April 19, 2021
We know, his title is a mouthful (we're working on it). But behind everything that happens at MSC, you'll find Jon Del Buono. After more than 4 years at the Museum, let's hear more about his favorite projects, what challenges he faced in 2020, and what he's looking forward to.
Tell us about yourself and why you wanted to work in a museum
I have worked at the Museum of Sonoma County twice now. In 2015, I left MSC to attend graduate school. After receiving my master’s in history from the University of Montana, I moved back to Sonoma county. I rejoined the MSC team in 2018. I live in Santa Rosa with my wife, daughter, cat, and dog.
The reason I want to work in a museum is because I love learning and figuring out ways to make history compelling. For a while, I thought I would get a PhD and work in academia, but with the way humanities are being cut and the general lack of interest at most institutions to make history accessible to the public, I felt I needed to find a different path. I figured working in a museum would be a great fit for me since the goal of any good museum should be to make the humanities accessible to all.
Jon highlights a disappearing painting in an MSC April Fool's photo.
What does a typical day look like for you?
There are very few typical days for me because I wear different hats. I always have something new to work on. One week I am focused on installing a new exhibition and the next I am working to get a broken HVAC system up and running. And maybe the week after that I am focused on organizing a panel discussion or book talk. And sometimes I am doing all of these in the same week. Right now, because the museum is preparing to reopen the full campus, I am focused on installing multiple exhibitions in the historic Post Office building.
Jon installing the clock hand from the old Santa Rosa courthouse in the 2018 exhibition, Lost Santa Rosa.
What have been your favorite MSC memories, exhibitions, or projects?
My favorite exhibition is always the one I just finished installing. It is such a great feeling to see a project I have been working on for months finished and on the wall. But if I had to pick a few favorite exhibitions, it would be Slang Aesthetics: Robert Williams (2015), Kinetics: Art in Motion (2019), and Hole in the Head: The Battle for Bodega Bay (2014). Robert Williams, because he is a legend in the art and comic world and I got the opportunity to visit the Zap Comics headquarters in San Francisco. That place is museum to the odd and the strange: such a cool experience. Kinetics because it brought in so many new people to the Museum, plus you got to interact with the art and it is always fun when you get to touch the art. It feels like you are getting away with something. And Hole in the Head because I learned so much about the county that I have called home for most my life.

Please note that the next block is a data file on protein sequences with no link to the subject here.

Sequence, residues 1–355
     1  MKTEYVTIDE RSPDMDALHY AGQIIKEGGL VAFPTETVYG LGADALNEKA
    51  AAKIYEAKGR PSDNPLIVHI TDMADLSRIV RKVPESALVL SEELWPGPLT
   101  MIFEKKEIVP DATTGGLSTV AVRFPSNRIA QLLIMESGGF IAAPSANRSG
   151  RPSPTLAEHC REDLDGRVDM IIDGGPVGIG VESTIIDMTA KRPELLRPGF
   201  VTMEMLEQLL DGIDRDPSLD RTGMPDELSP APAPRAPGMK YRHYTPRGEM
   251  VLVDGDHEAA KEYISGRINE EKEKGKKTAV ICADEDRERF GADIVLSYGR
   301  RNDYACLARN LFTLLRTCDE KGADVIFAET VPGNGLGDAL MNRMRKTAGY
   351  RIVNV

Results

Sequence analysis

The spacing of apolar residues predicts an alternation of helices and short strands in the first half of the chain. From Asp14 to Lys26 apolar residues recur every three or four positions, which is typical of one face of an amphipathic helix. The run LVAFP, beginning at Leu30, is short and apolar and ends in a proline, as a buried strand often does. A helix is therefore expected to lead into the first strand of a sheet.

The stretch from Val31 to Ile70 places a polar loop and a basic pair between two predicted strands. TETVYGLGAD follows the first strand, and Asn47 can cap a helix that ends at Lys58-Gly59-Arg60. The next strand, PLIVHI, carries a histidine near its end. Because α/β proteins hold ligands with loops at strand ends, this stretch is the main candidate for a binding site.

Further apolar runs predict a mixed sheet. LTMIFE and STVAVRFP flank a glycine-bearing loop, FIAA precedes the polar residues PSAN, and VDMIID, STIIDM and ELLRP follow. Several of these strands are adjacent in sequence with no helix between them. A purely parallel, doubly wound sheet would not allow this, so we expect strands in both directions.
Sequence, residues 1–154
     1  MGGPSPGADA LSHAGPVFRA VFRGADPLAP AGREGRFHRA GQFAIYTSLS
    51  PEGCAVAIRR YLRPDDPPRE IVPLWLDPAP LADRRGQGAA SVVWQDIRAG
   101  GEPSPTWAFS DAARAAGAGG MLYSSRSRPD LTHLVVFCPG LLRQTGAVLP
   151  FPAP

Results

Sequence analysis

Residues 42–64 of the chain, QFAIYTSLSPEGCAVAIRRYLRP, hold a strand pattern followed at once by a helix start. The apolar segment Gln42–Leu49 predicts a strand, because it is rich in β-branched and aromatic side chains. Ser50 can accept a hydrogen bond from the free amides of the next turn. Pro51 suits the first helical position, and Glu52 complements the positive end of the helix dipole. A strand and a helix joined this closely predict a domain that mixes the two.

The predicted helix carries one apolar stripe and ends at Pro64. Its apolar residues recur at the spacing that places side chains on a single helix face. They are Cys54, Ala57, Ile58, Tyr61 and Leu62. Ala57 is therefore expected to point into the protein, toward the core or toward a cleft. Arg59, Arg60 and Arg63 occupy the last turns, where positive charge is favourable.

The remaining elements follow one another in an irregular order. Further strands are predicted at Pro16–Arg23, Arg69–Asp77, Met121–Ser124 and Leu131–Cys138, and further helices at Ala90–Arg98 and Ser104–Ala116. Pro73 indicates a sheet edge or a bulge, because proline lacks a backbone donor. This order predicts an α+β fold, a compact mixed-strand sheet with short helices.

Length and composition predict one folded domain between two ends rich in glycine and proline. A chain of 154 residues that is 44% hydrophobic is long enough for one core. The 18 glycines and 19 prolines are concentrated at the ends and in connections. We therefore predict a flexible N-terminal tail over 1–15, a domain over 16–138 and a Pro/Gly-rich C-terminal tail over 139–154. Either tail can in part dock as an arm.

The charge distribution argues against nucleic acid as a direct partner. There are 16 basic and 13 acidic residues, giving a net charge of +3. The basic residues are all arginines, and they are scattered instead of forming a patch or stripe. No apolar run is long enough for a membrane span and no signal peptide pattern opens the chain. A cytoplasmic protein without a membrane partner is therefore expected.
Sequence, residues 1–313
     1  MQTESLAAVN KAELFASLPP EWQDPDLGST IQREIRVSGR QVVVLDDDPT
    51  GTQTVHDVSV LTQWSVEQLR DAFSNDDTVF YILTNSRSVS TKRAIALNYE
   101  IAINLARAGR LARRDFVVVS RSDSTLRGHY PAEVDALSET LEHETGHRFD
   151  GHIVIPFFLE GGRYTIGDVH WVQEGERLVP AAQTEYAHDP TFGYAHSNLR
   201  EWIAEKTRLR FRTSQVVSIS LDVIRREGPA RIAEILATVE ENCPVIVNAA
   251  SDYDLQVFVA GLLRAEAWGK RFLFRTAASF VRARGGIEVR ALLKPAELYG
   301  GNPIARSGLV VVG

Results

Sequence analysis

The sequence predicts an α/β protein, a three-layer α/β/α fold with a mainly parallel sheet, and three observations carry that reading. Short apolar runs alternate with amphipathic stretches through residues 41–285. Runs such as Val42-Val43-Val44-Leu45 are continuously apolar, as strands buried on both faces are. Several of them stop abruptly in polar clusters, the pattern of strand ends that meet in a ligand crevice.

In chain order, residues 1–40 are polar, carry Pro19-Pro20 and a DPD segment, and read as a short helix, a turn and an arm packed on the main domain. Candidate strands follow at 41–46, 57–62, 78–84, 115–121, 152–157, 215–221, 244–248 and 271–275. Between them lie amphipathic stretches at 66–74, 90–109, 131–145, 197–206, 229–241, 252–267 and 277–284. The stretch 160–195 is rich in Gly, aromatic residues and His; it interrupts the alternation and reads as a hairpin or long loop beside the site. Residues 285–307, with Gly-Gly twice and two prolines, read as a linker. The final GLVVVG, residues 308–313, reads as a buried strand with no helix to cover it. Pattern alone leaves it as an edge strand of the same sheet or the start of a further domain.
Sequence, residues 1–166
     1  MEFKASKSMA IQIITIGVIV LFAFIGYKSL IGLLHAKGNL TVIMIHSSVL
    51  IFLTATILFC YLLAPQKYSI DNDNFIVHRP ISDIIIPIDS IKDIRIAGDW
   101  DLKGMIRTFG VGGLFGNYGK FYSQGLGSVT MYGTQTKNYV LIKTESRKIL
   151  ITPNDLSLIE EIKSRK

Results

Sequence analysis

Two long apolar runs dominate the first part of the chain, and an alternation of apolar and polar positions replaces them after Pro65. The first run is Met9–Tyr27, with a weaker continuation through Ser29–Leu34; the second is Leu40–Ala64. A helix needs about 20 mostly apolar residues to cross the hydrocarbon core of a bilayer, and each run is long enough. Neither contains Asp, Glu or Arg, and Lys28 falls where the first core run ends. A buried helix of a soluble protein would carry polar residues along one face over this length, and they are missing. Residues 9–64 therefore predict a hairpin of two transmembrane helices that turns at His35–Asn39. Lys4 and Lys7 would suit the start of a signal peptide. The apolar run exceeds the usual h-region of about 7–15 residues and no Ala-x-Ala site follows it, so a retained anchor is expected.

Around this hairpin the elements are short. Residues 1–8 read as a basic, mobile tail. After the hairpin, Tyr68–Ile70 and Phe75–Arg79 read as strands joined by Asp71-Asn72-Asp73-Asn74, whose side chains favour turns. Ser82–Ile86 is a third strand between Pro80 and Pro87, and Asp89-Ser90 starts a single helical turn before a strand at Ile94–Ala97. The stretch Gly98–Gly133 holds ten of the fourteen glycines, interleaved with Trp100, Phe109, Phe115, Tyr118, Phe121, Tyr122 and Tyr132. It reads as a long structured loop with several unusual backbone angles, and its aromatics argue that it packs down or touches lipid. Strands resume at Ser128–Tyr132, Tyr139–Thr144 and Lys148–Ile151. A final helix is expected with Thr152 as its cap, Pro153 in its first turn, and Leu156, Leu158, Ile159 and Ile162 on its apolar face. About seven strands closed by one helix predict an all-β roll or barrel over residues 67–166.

One of my favorite projects was organizing the Hot Rod Street Party we put on for the opening of the Robert Williams exhibition. It was something so different and it felt good to see the community show up and support us.
Robert Williams leads a tour of his 2015 Slang Aesthetics exhibition.
What was the biggest challenge of 2020?
The biggest challenge was figuring out how to make engaging virtual programs and exhibitions. You do not get the same type of feedback you normally get from live events. With virtual programing, you still put in long hours to put it together, then you put it online and wait for clicks or comments. It is not the same as interacting with guests at an opening reception or live event. The other big challenge was keeping the facilities operational while everyone was working from home. At one point, each building had some maintenance issue that needed my attention. And at the same time, I was taking over organizing the public programs/education department. Another challenge was staying motivated while we could not be open. So much of the museum experience is seeing things in-person. I love walking the galleries and overhearing visitors talk about something they learned or a piece of art that really moved them. But it is nice to know that we are finally moving towards reopening all our galleries to the public.
Jon and MSC staff at the 2020 Women's March at Old Courthouse Square.
What projects are you excited about?
There are a few projects I am excited about right now. We are collaborating with a group of local artists to bring the Portal Service that was Downtown into the Post Office side gallery, which I think is very fitting. I am also working on converting the large side gallery in the Post Office into a permanent exhibition that highlights famous mid-century artists that called Sonoma County home. This is part of a larger project to reconfigure our galley spaces so we can have longer-running/permanent exhibitions that show off parts of our collection that do not make it out of storage often. The biggest, and perhaps the most exciting, project that has come out of this is the conversion of our upstairs mezzanine gallery into a permanent Sonoma County history exhibition (Sonoma County Stories). I do not want to say too much about this yet, but what we have coming in the next year or so is exciting and I think the community will love it.
The mission of the Museum of Sonoma County is to engage and inspire our diverse community with art and history exhibitions, collections, and public programs that are inclusive, educational, and relevant.